India's Consumer Good Market Stumbles

AnnonymousDecember 04, 2022

The Declineful Diwali

This festive season wasn’t very cheerful for the FMCG Industry. Economic Times reported “India’s fast-moving consumer goods (FMCG) market fell 15% by value in November compared to October as kirana stores, which stocked up in heavy quantities in the previous two months, bought less.” 

Before this year’s festive season, retailers and small merchants such as our neighborhood Kirana Stores went berserk on restocking usual high sellers. MSMEs in India are attributed to being the cornerstone of the Indian economy, where the changing landscape has been the priority for the government to strengthen the economy. Given the Prime Minister’s empowerment of Aatma Nirbharta (self-sufficiency) and a forthcoming complete no-lockdown festive season, merchants took some intuition-driven restocking decisions. Initially, this felt like a money-making season to all the stakeholders, especially the manufacturers and distributors getting heavy demands from small merchants. 

Remember Sharma Ji? Even Sharma Ji got in touch with the local distributor Singh. Singh had almost ten kirana stores in the neighborhood on his contract. Diwali is just around the corner, and Singh receives heavy demands for cooking commodities. Singh communicated and placed extra orders with the cooking oil manufacturer, Fortuity Oils.

Past the festive season, the outcomes weren’t as good as the intuition built the expectations. Besides the declined sales, the kirana merchants were left with extra quantities of CPG and FMCG products, with a risk of CPG goods having shorter shelf lives. But why did this happen? Did the customer stop buying groceries, clothes, and personal-care products? Or was there an error in predicting the consumption behavior by Sharma Ji, Singh and Fortuity oils?

An error of intuition or expectation?

In the FMCG and CPG industry, the sales are divided into three categories, 

  • Primary Sales (Manufacturer to Distributor)
  • Secondary Sales (Distributor to Retailer),
  • Tertiary Sales (Retailer to Customer).

Though each sale has its significance, all three depend on each other. When Sharma Ji made an intuitive decision to restock heavily, it directly affected Fortuity Oils and Singh Distributor.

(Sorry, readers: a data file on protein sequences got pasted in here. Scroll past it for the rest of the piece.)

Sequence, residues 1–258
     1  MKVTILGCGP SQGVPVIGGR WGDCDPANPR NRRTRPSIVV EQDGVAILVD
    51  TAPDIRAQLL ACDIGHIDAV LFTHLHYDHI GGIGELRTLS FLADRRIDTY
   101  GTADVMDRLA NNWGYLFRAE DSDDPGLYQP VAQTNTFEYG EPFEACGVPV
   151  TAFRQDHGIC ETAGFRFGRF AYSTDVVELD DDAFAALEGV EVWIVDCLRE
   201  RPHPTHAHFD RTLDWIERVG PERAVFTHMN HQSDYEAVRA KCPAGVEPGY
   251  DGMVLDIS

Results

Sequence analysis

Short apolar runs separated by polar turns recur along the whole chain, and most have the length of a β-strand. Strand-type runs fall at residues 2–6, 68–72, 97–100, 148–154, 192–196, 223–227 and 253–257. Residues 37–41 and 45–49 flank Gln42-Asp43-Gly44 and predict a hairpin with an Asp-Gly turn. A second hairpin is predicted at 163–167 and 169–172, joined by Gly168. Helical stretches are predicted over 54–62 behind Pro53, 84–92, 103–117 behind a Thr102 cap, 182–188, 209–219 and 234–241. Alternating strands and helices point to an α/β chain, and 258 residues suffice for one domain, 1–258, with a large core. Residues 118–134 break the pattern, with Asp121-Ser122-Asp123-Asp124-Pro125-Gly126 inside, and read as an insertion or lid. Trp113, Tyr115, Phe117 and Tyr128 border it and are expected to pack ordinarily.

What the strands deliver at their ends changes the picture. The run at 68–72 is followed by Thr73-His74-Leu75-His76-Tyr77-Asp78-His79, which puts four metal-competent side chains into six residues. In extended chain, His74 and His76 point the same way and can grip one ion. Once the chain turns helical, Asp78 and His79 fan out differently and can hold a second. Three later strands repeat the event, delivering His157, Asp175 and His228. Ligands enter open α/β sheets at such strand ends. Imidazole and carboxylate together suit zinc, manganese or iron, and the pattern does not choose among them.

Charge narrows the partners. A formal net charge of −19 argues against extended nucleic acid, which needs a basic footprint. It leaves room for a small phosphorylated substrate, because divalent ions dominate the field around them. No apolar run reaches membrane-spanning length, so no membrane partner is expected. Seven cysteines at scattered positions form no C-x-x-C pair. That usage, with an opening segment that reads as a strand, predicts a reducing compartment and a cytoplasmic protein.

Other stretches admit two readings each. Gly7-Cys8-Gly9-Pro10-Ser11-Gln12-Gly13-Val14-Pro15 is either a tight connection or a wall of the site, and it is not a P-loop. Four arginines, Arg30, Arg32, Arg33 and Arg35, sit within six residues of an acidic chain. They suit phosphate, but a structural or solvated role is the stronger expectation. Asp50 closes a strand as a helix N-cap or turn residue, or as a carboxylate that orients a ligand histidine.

Not only in urban regions but even in rural areas, the sales dipped. The primary reason for this was an intuition-driven approach to demand forecasting. The sales predictions by manufacturers and distributors are often based on historical sales. Or an upcoming event that might amp up the sales. Sharma Ji used a similar approach, and it affected all the levels. While Singh could not comprehend the demands, now the company was left with more stocks, making it difficult for them to manufacture new products. 

While predicting sales and analyzing demands, traditional factors like Consumption Behavior, Transactional Data and Location data often become dormant and are neglected during conventional processes. Understanding a neighborhood’s consumption patterns helps companies predict the actual demand for their products. 

Sales Intelligence helped Fortuity Oils study Sharma Ji’s neighborhood, where looking at the transactional data over October helped them uncover a heavy demand for personal care products in his neighborhood. This aided Fortuity oils with precise:

  • Demand Sensing
  • Market Gap Analysis

Sales intelligence and improved sales and distribution across the length & breadth of multiple geographies through data helped them understand:

  • Which areas to target
  • What products to push.

Not only was the festive season in the account, but also transactional activities varying from geographies played a major role in predicting the fluctuating demands at granular levels. Sales Intelligence helps distributors like Singh with proper network management, where they can map these insights with their SKUs and identify the restocking requirements according to every kirana owner. 

Is it perfect?

Market declines like these can be avoided using sales intelligence and alternative data by understanding the retail market where, who, and how. However, there is still a gap while analyzing the tertiary sales at these micro levels. While sales intelligence integrated with Primary and Secondary help Manufacturers and Distributors with accurate demand sensing and analysis gaps in the market, there is an open scope for tertiary sales. 

In rural and semi-urban areas, mapping the transactional data for kirana-walas is challenging due to the unavailability of a digital payment footprint and MAIDs in this region. Many of these regions have cash transactions, which is still a challenge for the retail sector. 

As we’ve witnessed rapid UPI penetration and POS consumption across the country, this digitization of the MSME sector is creating momentum for their businesses by providing ease in managing operations, maintaining records and inventory, and increasing transactional flow. The momentum also calls for a better lending pipeline and aligns with Aatmanirbhar Bharat’s vision for reducing imports and increasing exports. This widens the scope and generates more alternative data, providing increased visibility into one of the most fundamental sectors of the economy. And will surely open new doors for overcoming challenges like analyzing tertiary sales, predicting sales and better business for retailers like Sharma Ji. 

We at Data Sutram aspire to be the propagators of the transition of the unorganized MSME sector, making alternative data more organized, accessible & most importantly easy to understand by enterprises across multiple sectors,  fueling the Indian government’s vision of a $5 trillion economy.

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